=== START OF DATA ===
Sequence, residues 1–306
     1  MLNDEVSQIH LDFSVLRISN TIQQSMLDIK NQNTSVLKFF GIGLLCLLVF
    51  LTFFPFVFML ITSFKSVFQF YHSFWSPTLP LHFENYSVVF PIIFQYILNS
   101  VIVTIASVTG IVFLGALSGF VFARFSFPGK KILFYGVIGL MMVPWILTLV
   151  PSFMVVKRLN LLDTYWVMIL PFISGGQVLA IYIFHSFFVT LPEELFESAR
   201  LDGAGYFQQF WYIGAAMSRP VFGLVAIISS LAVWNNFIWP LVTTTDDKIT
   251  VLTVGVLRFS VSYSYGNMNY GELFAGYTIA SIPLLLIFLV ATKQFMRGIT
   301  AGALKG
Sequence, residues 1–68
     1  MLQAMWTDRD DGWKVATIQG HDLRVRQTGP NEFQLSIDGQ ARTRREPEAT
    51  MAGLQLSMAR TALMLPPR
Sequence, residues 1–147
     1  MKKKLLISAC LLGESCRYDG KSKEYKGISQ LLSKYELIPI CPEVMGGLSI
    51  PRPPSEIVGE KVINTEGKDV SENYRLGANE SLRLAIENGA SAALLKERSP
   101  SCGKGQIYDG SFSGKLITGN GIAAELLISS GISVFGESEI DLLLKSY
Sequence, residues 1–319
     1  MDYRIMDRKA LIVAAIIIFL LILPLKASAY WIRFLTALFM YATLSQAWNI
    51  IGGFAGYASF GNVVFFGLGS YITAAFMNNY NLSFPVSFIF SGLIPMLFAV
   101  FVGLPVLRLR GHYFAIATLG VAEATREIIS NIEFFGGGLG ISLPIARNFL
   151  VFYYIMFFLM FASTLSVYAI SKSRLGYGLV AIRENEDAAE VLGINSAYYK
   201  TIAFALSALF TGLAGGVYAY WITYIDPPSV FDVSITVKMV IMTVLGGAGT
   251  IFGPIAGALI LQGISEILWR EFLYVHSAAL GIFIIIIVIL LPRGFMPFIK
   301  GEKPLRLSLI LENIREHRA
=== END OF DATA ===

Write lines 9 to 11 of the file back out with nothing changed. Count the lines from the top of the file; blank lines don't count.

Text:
Sequence, residues 1–68
     1  MLQAMWTDRD DGWKVATIQG HDLRVRQTGP NEFQLSIDGQ ARTRREPEAT
    51  MAGLQLSMAR TALMLPPR